Google has presented its voice recognition systems that has the ability to think
The day is almost here when you will hold a conversation with your phone or actually your computer assistant.
The new version of the Google search app for iPhone, iPad and iPod Touch brings to Apple customers the kind of Knowledge Graph-powered, natural language, question-and-answer search Google showed off in Android 4.1 Jelly Bean at Google I/O in June.
This is the most futuristic of all the announcements; mobile engineering director Scott Huffman bombarded the iPhone with casual questions, and it always instantly nailed the answer, presenting it in a visually attractive and informative format.
Google submitted the app about a week ago. It’s obviously a touchy subject, since Apple’s AI assistant, Siri, is supposed to be the on-board robot that answers people’s questions, and she goes out of her way to avoid using Google to do so. But since Google’s voice search can’t hook in to iOS contacts, phone, messages, reminders, clock or other system-level functions, Siri still has enough advantages that Apple will let Google ship this update.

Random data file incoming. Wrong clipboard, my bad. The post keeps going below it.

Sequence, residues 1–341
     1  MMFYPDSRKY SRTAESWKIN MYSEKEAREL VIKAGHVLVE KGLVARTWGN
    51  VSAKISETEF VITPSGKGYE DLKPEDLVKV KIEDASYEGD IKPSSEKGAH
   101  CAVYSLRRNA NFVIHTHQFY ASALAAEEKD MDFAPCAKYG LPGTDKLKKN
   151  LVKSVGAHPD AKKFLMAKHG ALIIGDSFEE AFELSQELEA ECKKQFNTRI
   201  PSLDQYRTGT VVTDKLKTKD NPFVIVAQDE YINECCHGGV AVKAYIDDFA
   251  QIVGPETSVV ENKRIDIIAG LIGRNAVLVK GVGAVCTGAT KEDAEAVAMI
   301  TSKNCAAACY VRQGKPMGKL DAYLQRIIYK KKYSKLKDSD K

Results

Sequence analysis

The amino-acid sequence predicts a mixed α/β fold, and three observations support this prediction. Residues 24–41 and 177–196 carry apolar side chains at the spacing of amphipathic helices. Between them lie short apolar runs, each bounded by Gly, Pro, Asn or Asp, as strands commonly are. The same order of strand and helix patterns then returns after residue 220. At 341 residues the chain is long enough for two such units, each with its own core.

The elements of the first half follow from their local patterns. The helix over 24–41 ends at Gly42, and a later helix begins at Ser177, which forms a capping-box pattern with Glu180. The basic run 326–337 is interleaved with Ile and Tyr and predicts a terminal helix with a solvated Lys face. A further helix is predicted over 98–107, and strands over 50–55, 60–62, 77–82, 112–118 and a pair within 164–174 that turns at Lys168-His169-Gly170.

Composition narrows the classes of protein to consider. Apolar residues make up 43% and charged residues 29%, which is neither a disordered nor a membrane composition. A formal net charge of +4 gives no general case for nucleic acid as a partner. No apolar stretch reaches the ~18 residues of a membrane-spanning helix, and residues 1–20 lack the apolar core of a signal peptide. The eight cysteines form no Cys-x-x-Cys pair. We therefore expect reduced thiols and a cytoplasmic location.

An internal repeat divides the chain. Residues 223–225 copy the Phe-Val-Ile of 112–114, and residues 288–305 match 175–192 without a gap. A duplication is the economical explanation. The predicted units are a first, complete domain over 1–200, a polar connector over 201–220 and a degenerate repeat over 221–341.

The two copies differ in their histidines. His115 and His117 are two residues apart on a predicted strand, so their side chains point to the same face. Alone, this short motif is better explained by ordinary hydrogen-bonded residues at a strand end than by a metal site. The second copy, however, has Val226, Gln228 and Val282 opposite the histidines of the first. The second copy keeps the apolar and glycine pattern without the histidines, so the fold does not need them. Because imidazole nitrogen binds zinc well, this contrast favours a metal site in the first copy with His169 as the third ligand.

It’s better than Siri at the Web, though. Let’s get that out of the way. While Siri may improve over time, it just can’t match Google at Web search right now. It can also provide answers any way the Knowledge Graph can, which includes doing math. Siri uses Wolfram Alpha for math and science questions, and the race between Google and Wolfram Alpha will be interesting to watch.
But for the casual math and science queries we might ask of our phones, Google is on the ball.
Voice search isn’t the same as Google Now. The predictive suggestions showed off at Google I/O, which send users scheduling reminders from their Google Calendars when searching for a place to eat, for example, are exclusive to Android.